I guess chessplayers fall into two categories - those who retain their game scores and those who don't. Amongst professionals and masters, the majority must, I imagine, keep all their games, if only for the vital process of analysing them afterwards. But among amateurs, the practice is rather less widespread. Some are conscientious, and retain every game, but many others throw their scoresheets away soon after playing a game (especially if they have lost!).
I learned a few years ago that it is hard to predict which players are in which category. One player I was certain would have all his games was Michael Franklin, the English master. He has always struck me as a very meticulous and organised character, and I have seen him at tournaments, brandishing a record card, on which he had written out, in copper-plate handwriting, a full tournament crosstable, which he updated dutifully with each day's results. Here, I was sure, was a man who would have the score of every game he had ever played. Yet when I asked him about this over breakfast, at a 4NCL weekend a few years ago, he astonished me, by telling me that he did not even have the record of the London League game he had played 48 hours earlier! He has never kept any of his scoresheets, it seems - a terrible shame, as his career spans over 50 years, near the top of English chess.
Michael Franklin - not a scoresheet to his name! (photo: Cathy Rogers/Megabase)
Even when players do keep their games, there is always the danger that after their death, these "unwanted" chess papers will end up on a bonfire, as their non-Caissic family clear out the old man's effects. With the advent of computers, it is perhaps more likely that such records will be kept and passed on within the chess community. I for one would be delighted to receive collections (especially if already in electronic form) from strong British players, which could then be made available online.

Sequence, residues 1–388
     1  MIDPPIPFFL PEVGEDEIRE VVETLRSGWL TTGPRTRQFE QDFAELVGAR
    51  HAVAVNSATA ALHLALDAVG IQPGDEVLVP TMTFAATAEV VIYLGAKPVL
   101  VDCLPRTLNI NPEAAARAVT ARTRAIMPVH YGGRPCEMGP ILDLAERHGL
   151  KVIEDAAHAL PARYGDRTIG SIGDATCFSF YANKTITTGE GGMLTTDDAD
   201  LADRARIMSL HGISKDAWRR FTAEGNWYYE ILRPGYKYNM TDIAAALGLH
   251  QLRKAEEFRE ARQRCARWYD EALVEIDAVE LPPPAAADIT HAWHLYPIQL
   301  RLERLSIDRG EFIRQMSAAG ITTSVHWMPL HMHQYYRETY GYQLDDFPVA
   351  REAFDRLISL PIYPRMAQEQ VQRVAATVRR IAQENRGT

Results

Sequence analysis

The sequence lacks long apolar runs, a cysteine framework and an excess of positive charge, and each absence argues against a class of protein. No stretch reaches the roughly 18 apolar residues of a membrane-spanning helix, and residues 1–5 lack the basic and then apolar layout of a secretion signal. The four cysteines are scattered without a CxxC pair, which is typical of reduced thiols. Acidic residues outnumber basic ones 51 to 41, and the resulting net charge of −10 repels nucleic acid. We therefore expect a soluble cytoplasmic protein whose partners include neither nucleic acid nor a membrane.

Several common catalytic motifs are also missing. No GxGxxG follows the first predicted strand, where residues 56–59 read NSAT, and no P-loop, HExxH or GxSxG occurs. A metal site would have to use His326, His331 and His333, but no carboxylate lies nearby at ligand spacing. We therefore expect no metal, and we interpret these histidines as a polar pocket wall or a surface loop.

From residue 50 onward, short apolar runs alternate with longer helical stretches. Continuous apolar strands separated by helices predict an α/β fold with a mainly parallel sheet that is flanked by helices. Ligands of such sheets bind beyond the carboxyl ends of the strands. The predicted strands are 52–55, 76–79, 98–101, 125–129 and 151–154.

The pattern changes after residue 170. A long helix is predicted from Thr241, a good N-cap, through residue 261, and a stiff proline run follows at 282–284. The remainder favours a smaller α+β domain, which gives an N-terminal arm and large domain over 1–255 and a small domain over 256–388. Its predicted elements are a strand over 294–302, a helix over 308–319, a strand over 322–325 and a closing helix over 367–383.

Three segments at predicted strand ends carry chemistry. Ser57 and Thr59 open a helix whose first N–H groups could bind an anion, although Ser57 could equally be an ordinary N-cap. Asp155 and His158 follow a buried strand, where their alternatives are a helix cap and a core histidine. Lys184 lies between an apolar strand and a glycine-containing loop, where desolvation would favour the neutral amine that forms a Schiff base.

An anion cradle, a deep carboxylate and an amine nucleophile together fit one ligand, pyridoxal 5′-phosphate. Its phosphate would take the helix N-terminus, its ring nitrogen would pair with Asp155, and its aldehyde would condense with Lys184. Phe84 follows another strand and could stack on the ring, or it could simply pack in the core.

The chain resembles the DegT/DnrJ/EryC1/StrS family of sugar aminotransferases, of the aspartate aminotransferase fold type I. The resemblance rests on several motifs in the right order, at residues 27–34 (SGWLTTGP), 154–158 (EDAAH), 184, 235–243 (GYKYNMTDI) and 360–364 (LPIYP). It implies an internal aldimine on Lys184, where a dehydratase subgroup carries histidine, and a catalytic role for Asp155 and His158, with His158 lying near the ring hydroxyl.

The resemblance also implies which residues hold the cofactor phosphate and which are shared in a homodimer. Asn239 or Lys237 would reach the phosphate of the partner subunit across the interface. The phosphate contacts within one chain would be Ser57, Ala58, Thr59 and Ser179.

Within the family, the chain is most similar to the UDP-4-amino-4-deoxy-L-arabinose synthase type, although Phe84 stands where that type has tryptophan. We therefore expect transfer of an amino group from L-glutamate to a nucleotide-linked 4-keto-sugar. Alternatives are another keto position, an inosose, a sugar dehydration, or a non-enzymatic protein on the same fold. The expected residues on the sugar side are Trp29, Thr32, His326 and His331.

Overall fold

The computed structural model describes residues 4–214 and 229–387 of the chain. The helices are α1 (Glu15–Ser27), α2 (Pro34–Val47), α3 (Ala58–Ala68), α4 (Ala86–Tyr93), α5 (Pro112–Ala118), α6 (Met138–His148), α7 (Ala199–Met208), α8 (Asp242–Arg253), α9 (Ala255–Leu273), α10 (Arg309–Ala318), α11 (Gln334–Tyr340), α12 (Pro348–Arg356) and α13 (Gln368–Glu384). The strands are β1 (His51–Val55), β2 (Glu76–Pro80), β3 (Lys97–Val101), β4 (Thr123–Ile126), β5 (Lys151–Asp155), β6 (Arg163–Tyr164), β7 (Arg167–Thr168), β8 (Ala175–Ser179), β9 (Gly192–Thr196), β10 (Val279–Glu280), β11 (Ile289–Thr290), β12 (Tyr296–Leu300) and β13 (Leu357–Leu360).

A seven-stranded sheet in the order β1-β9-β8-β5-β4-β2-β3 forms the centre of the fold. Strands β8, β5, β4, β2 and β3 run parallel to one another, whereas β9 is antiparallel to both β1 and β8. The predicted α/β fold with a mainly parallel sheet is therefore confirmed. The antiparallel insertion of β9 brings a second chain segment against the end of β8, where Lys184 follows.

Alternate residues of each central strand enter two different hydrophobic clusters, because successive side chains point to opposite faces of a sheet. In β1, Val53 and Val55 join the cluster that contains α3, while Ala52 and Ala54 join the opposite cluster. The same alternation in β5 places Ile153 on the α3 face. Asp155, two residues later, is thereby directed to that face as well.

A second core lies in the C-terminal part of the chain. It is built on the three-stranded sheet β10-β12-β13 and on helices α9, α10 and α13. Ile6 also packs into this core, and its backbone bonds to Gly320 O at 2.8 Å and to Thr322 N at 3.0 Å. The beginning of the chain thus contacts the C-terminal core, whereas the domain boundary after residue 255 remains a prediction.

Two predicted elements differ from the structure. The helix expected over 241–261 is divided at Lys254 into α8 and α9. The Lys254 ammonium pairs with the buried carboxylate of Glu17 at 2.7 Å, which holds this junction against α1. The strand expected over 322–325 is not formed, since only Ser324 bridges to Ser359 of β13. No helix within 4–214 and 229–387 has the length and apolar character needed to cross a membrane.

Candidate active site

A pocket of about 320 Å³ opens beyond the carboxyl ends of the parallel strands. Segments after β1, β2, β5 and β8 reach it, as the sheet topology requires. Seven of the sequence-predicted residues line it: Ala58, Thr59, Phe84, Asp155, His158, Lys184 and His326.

One player who has all his games is John Nunn. He kindly supplied his two games against Donner (both played in the 1977 Anglo-Dutch match, and neither on Megabase), which I have been able to pass on to Mr de Haas. John's win in the black game was published in The Guardian at the time (I still have the exercise book, into which I used to copy the games each week from Leonard Barden's two Saturday newspaper columns, which I used to read in the local public library!), which makes it slightly more surprising that it has escaped the database diggers. It is a good example of what can happen to White, if he plays too passively against the Modern Benoni - the black queenside pawns are liable to advance remorselessly, sweeping all before them: